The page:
Social Security Disability and Lupus

Lupus, or “SLE” (Systemic lupus erythematosus), is a chronic inflammatory disease that can affect any organ or system of the body. According to the American College of Rheumatology, Lupus is sometimes called “The Great Imitator” because its wide range of symptoms often causes it to be confused with other health problems. Lupus mainly affects the joints, kidneys, and skin, although it can also affect the lungs, nervous system, and other parts of the body.

Lupus is an immune system disorder. In healthy individuals, the immune system protects the body by manufacturing antibodies that fight hostile germs. In individuals stricken by Lupus, however, the immune system backfires, instead attacking the victim’s own tissues and organs. The disease most often afflicts victims in their 20s and 30s, and it occurs in 10 times more women than it does in men. It also tends to occur more frequently, and with greater severity, in African-Americans and Asians. All people with Lupus will experience “flares” during which time the disease is active, and “remissions,” when the disease is mostly quiet.

The Social Security Administration, when considering claims for disability benefits based on a diagnosis of Lupus, will review a claimant’s medical history for several key indicators of a severe SLE condition. Usually, SSA will look to see that more than one organ or body system is afflicted – two or more organs or body systems afflicted with Lupus to a moderate degree of severity is an indicator of a disabling form of Lupus. Additionally, SSA will look to see if any of the “constitutional symptoms or signs” of Lupus, as identified by the American College of Rheumatology, are present. These “constitutional symptoms or signs” are severe fatigue, fever, malaise, and involuntary weight loss. Finally, SSA will look to see whether these symptoms cause repeated manifestations of Lupus in the claimant’s life, such as in their activities of daily living (dressing, cooking, cleaning, driving, etc.), their social interactions (attending social functions, interacting appropriately with family, neighbors, and the public), and their ability to concentrate and remain on pace for extended periods of time (reading books, working on the computer, going to school). According to Social Security regulations, “repeated” manifestations refers to manifestations occurring either three times per year on average (each lasting two weeks or more), or those occurring substantially more frequently, even if they do not last as long as two weeks.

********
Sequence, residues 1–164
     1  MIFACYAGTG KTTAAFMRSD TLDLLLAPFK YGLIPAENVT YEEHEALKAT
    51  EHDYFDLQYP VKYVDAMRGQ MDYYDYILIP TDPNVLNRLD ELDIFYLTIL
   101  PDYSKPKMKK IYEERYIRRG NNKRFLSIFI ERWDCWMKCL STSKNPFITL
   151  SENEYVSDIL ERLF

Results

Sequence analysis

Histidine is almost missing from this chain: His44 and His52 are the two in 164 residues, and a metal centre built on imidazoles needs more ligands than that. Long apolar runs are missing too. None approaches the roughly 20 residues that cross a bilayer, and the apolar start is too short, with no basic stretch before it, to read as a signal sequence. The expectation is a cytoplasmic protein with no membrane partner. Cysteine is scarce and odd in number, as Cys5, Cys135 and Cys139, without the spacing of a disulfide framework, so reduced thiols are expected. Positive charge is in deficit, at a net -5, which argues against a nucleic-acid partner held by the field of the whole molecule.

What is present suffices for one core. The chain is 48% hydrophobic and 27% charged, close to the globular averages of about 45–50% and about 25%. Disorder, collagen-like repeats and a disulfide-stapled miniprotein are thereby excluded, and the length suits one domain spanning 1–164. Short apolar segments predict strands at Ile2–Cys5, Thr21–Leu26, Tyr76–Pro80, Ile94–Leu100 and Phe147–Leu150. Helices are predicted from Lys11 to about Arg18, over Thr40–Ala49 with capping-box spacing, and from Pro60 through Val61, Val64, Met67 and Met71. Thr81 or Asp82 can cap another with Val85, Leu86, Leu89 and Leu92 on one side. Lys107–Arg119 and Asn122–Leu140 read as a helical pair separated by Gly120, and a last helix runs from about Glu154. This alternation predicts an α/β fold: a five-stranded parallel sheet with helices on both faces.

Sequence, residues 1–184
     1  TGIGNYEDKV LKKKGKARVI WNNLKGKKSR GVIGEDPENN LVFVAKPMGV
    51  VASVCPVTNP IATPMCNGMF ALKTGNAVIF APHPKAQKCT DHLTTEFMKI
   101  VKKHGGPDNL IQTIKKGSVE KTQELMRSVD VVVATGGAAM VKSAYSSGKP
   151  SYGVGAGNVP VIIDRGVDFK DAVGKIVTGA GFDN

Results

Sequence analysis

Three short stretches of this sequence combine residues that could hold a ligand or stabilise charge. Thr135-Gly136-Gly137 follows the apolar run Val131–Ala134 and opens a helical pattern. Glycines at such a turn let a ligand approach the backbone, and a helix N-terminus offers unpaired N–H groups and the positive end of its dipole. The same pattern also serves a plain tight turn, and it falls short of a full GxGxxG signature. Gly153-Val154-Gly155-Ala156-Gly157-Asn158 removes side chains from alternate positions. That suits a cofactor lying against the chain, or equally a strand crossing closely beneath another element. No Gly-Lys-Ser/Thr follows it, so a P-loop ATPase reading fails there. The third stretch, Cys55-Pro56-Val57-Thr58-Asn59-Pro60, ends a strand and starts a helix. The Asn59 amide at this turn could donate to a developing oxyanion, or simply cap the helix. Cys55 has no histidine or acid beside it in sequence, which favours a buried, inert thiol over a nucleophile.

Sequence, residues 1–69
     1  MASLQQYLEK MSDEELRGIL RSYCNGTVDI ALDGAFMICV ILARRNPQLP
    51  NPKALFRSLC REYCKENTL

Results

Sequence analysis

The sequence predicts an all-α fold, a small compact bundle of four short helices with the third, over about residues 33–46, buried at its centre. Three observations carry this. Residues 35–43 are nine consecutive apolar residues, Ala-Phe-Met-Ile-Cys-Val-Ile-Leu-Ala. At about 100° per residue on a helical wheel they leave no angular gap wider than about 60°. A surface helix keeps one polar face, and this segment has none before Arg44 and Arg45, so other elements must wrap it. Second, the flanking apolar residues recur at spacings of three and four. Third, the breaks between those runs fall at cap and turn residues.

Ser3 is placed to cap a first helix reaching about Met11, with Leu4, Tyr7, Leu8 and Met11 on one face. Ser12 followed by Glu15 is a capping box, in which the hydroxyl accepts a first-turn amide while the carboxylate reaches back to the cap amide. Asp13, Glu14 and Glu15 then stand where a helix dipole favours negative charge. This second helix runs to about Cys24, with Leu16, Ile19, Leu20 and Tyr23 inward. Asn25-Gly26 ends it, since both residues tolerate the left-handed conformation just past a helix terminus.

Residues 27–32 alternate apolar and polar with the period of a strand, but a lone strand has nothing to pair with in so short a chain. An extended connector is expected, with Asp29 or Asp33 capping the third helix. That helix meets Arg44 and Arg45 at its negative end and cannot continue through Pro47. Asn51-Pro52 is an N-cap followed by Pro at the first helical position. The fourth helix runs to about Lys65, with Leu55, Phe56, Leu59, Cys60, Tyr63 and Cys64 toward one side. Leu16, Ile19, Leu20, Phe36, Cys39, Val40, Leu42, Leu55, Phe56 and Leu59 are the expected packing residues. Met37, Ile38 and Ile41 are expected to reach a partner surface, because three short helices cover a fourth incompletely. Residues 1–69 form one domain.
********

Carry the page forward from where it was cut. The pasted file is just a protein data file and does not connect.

In summary, individuals applying for Social Security disability benefits based on Lupus will need to show that they experience repeated flares of Lupus in more than one organ or body system, and that these flare ups interfere substantially with their daily life, their social interactions, and their ability to maintain concentration and attention for extended periods of time. Consistent treatment with a specialist, such as a rheumatologist, is especially important in constructing a longitudinal history of a claimant’s condition and in persuading a Social Security judge of the severity of the impairment.